The successful purchase made her one of a lucky few. Homeownership in London fell to 50.7 per cent in 2011 from 59.6 per cent in 2000, according to the Department for Communities and Local Government. It's probably fallen to less than 50 per cent by now, according to Bloomberg economist Niraj Shah.
A survey of Britons from ages 20 to 45 published last month by mortgage lender Halifax showed the proportion that want to buy a home and aren't able to save for a down payment rose to 57 per cent from 42 per cent a year earlier.
It's not just homes selling like crazy. A yard in Chelsea measuring 55 feet by 40 feet sold for £84,000, despite not having planning permission for development. Six rundown garages also without approval in nearby Parsons Green were auctioned with a guide price of about £70,000. They sold for 10 times that. The former coach house in south London's Camberwell area that housed its mayor's car was put up for sale by the local government at almost £1,000 a square foot, an asking price comparable to some luxury homes.
Surging home values have sparked concern that the boom is unsustainable. That's ratcheting up pressure to cool the market after the latest series of fresh signals pointed to property prices continuing to surge.
"The London market is looking particularly frothy," said Martin Beck, an economic adviser to EY's Item Club, a research group sponsored by accounting firm EY (formerly Ernst & Young). "The onus remains firmly on the Bank of England to ensure that the market doesn't enter bubble territory."
Homes in the 10 wealthiest London boroughs have a total value of £609 billion, broker Savills plc said in January.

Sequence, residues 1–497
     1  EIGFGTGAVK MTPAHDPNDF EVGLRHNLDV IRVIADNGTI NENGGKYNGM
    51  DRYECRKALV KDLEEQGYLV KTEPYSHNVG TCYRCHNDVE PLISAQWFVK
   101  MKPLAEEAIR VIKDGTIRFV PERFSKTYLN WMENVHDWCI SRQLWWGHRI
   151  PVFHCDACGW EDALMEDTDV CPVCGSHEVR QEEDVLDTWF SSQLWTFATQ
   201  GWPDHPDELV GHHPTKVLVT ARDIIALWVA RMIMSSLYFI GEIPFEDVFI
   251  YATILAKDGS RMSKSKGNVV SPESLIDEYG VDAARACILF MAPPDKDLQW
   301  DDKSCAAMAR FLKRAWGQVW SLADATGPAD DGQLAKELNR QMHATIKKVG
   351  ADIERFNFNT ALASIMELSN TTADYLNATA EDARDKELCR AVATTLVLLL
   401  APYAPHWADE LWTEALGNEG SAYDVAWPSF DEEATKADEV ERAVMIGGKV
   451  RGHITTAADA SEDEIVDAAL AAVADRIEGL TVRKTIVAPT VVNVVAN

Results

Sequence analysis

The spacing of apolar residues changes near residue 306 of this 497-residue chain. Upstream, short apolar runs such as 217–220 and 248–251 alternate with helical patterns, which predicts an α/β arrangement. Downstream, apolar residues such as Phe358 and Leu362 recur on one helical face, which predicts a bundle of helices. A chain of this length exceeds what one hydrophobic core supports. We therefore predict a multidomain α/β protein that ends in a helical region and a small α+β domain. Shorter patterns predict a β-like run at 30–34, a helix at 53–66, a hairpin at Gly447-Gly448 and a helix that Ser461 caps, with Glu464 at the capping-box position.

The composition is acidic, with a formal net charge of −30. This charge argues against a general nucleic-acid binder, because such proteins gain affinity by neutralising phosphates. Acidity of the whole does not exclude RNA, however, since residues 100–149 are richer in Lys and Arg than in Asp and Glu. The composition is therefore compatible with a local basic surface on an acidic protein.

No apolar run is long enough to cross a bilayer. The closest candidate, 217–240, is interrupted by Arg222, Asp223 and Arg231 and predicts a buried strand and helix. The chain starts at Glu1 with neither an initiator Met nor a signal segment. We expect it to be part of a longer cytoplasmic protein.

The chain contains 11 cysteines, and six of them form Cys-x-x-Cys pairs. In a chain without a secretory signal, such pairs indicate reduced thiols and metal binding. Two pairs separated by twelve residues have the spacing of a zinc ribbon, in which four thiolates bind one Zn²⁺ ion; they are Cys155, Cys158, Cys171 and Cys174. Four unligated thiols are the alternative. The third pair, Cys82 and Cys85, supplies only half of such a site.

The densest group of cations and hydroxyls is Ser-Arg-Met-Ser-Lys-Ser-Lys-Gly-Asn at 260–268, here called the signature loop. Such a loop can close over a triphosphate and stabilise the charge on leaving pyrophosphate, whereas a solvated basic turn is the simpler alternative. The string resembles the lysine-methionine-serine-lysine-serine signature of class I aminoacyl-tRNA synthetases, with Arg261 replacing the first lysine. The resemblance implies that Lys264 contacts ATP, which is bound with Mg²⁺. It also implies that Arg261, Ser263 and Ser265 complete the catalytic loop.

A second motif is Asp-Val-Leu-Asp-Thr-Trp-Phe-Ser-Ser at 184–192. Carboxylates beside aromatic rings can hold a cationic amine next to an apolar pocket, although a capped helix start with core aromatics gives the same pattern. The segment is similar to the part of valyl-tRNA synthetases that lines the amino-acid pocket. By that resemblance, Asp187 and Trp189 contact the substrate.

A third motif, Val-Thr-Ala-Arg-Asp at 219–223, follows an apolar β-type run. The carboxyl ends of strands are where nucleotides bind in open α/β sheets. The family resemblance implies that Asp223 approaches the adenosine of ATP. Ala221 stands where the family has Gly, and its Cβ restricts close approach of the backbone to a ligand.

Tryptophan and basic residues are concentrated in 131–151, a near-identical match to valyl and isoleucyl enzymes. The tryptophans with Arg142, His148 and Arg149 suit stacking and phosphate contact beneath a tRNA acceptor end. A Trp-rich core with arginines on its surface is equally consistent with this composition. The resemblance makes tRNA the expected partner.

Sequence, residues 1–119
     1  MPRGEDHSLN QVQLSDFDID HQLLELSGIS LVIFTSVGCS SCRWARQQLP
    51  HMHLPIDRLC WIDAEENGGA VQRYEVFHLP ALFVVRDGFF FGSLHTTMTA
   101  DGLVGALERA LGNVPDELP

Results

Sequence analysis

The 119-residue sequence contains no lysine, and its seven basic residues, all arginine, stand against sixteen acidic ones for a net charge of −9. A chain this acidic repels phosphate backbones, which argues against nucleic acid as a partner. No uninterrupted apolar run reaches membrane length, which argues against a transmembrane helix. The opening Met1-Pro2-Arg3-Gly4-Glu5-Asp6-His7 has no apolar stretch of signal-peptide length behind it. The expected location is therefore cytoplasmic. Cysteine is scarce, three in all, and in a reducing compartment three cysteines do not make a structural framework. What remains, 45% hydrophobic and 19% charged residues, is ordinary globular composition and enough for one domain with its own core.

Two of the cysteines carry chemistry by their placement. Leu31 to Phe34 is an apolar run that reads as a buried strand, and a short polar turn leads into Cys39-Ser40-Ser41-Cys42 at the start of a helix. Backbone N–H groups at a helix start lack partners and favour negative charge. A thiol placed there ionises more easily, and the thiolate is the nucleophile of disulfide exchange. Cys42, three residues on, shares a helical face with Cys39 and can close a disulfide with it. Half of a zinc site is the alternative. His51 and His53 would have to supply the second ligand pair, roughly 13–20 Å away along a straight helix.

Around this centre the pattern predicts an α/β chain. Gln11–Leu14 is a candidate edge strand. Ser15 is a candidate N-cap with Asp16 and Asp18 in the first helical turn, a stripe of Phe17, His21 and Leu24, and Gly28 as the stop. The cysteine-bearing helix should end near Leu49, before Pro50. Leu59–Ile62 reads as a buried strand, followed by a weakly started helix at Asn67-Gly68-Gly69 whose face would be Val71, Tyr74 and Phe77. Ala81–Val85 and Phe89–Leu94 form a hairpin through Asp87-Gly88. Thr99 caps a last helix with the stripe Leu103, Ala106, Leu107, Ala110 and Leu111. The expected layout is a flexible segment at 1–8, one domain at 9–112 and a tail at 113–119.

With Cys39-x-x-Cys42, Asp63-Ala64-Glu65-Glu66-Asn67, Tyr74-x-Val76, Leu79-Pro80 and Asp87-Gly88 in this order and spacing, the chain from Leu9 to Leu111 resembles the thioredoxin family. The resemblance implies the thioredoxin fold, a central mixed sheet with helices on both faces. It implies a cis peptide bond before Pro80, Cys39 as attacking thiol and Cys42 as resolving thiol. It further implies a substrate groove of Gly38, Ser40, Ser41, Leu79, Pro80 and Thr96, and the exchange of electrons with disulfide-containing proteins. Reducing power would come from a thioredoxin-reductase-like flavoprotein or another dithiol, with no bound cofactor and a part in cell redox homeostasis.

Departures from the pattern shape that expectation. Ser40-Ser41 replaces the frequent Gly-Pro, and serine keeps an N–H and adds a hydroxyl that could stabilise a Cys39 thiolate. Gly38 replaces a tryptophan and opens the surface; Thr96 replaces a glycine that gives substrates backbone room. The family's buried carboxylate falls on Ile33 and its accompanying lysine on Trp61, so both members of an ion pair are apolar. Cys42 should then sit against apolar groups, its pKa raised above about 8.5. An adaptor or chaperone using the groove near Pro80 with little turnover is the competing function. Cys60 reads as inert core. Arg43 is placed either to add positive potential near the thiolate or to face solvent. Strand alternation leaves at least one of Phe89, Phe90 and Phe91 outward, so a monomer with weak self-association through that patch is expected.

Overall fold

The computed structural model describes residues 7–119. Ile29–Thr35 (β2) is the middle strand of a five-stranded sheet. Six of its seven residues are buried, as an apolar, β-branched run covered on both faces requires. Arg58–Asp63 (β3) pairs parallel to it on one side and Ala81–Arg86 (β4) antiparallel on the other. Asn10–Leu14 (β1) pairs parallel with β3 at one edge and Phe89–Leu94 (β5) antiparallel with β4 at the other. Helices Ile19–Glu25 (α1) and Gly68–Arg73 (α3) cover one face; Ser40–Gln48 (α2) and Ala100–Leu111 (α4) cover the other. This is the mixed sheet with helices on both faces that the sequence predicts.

That's 9 per cent more than all of the houses and apartments in Scotland, Wales and Northern Ireland combined.
Policy makers "could do more" to tackle home-price excesses if needed, Mr Carney said in the May 18 interview with Sky News's "Murnaghan" show. Options include imposing more checks on the affordability of mortgages, limiting types of loans or advising the government to rein in its Help-to-Buy programme, which provides equity loans and mortgage guarantees to homebuyers.
The BOE's Financial Policy Committee will publish its recommendations on June 26 and has said it's ready to take more action if needed. It's already ended incentives for mortgages and announced a set of bank stress tests that include a property-crash scenario. The standard variable rate for mortgages up to and including April was 4.4 per cent, according to data compiled by the BOE.
The low interest rates are sparking demand at a time when building is failing to keep up with London's population growth.
Bolstering the economy outside of London is the only way to reduce the city's housing crisis because that would tempt Londoners to move away, says Christine Whitehead, a professor at the London School of Economics who researches housing. - Bloomberg
Lloyds limits mortgage lending to cool London housing prices

Lloyds is the first of Britain's biggest mortgage lenders to announce measures to cool house-price gains and protect itself from potential future losses - PHOTO: REUTERS
[LONDON] Lloyds Banking Group Plc, the UK's biggest mortgage lender, said it will impose limits on lending to homebuyers to counteract rising house prices in London.
The bank will cap lending at four times salary on loans of more than £500,000 (S$1.1 million), Lloyds said in a statement on Tuesday. The lender, which is 25 per cent owned by the government, said the policy will affect about 8 per cent of its lending in the UK capital.
"This is a targeted response to an issue largely in the upper tiers of the London housing market," Stephen Noakes, group director of mortgages at Lloyds, said in the statement. "This prudent update to our lending policies is intended to manage risks to our business and for our customers."